Dove Canada, longtime advocates of "real beauty," have taken their campaign against Photoshop to a whole new level of borderline hacktivism.
The whoelsome skin care company that practically raised your grandparents has sneakily rolled out a Photoshop Action (a kind of plug-in) that reverts edited images back to their original, un-airbrushed state. Dove Canada made the action available online through various channels (like Reddit) and while the downloadable file promised to beautify images by adding "a fake skin glow" with a single click, in reality it reverted the photo back to its original state, while adding a banner that says: "Don’t manipulate our perceptions of Real Beauty." Here's a screenshot of the original post, as it first appeared on Reddit and caught by Twirlit.com:
The false claim to "give skin a beautiful glow while hiding all the imperfections" basically makes this plug-in malware no? In a statement and video explaining the action (which you can view below), Dove Canada says the goal of the Photoshop file was to target art directors, graphic designers and photo retouchers — that is, those responsible for manipulating images — in an effort to "put a stop to the negative beauty messages we send and receive every day via our social networks."
For the past decade, the company has been fighting against the media’s unrealistic and overly idealized portrayals of women with their "Campaign for Real Beauty," a crusade first conceived by the Toronto branch of Ogilvy & Mather. As part of its latest stunt, Dove and Ogilvy is also launching a larger social campaign called #DovePositiveChange, which includes a new Facebook app called "Ad Makeover" allowing Canadian women to replace negative ads on the social networking site with "words of affirmation." This from the same company (Unilever) that sells Ax body spray, the manly-man scent that attracts all those super hot femmebots in its commercials.
Sure, the Photoshop plug-in is a throwaway stunt, but maybe Dove should begin practicing what it preaches before doling out "words of affirmation."
I'm sorry, were you under the impression that you could get out of this post without watching a Tina Turner music video? Here's "What's Love Got To Do With It," which was filmed in 1984. The orange lipstick (and really, the whole beauty look, even including that intense spiky bleached pseudo-mohawk) became an iconic Tina thing, and you can see for yourself how it's referenced in the cover above.
Please: more talented, smiling, non-white, non-teenagers looking phenomenal on the covers of fashion magazines!
It's snowing big wet snowflakes in New York City, but the worst of winter is probably behind us. Even though it's cold and wet, at least it's March. It can't be February again for a whole year, knock on wood. Over the coming weeks, spring's gonna come creeping and Elle France is all over it. Featuring Hungarian model Eniko Mihalik sunning herself on the kind of blue-watered beach I can only dream of dreaming about in my dreams, the glossy's March 2013 cover is almost excessively summery: there's a giant turquoise statement necklace, sparkling sapphire eyes, wind-blown salty waves and sun-soaked bronzed skin. Is your imagination sipping a mai tai yet?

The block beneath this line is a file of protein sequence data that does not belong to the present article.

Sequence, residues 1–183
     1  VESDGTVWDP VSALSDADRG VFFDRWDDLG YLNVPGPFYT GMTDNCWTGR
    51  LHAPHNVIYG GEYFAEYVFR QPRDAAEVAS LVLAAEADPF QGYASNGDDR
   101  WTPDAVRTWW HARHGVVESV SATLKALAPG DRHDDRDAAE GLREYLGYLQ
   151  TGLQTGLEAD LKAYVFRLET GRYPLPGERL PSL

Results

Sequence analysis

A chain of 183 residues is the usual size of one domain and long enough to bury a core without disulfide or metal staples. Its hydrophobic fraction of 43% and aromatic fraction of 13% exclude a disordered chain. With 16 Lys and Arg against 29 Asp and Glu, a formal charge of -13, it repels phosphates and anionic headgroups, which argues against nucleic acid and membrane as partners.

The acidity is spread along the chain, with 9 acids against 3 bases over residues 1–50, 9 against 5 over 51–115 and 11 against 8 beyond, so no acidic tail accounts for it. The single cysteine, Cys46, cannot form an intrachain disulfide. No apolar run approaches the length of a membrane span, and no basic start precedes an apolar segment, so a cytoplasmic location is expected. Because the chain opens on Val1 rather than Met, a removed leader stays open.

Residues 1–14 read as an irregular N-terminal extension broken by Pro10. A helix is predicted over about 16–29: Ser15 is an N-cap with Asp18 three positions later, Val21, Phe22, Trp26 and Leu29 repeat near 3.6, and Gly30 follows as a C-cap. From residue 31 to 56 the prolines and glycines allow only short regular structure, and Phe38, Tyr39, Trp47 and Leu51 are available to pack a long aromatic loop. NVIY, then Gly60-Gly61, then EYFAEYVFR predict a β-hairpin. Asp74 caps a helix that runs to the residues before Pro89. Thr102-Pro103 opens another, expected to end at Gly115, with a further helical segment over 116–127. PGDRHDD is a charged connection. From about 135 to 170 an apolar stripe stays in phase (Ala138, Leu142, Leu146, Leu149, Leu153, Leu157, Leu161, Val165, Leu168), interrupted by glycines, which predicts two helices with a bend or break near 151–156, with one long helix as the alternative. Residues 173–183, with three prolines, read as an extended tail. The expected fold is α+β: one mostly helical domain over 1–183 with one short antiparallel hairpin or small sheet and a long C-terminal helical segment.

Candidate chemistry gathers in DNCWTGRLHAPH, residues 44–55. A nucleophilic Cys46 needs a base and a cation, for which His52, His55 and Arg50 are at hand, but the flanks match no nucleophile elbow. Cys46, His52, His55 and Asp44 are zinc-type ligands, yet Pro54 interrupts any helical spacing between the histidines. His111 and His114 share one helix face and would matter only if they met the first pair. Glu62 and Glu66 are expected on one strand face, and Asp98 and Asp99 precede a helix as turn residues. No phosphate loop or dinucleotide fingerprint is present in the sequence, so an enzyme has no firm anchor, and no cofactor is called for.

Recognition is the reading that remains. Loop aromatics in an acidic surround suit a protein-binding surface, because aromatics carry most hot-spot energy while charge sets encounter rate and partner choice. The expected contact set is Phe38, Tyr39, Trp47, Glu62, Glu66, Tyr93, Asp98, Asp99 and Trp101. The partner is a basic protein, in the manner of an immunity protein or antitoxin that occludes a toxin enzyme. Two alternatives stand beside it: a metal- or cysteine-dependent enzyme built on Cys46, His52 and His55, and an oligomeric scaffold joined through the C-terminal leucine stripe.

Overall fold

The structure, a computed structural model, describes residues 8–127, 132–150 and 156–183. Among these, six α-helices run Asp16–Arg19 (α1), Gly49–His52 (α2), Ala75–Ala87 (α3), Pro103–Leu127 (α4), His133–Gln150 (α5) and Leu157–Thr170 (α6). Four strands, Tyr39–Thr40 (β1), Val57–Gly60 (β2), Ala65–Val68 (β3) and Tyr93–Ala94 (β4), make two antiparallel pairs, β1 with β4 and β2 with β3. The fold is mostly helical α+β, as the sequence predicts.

Elle France was working so hard to produce the ultimate representation of the perfect summer, they forgot to dress the model in clothes. So many details to remember when you're running a fashion magazine! No matter, they just ran the picture as is (they were like, "After all, ve are French, topless beaches and provocative nudity are our thing!") but airbrushed out Eniko's nipple. They superimposed her now-alien body part with text that hilariously reads, "Summer body right away!" Yes, I've heard about the wonders of Photoshop but never thought I could wear it to the beach.
On another part of the cover, the glossy included some tiny font which identifies Eniko by name and adds these descriptors: "sublime" and "natural." Which would be true, Elle France, if you hadn't airbrushed off her nipple! Nipple nipple nipple. If you're gonna run a photo of a topless woman on the cover of your publication, have the chutzpah to show her nipple. Otherwise, go find a bikini top.
There’s no better feeling than buying a new pair of skyscraping heels and then dancing the night away in them. Well, that’s until you've been dancing for just that little bit too long and you feel like your feet have been set on fire. We've all been there! Even worse than that is the dreaded walk home, when you physically can’t walk in your shoes any more. So, what’s better than stupidly deciding to walk the pavements barefoot? Foldable ballerinas, of course!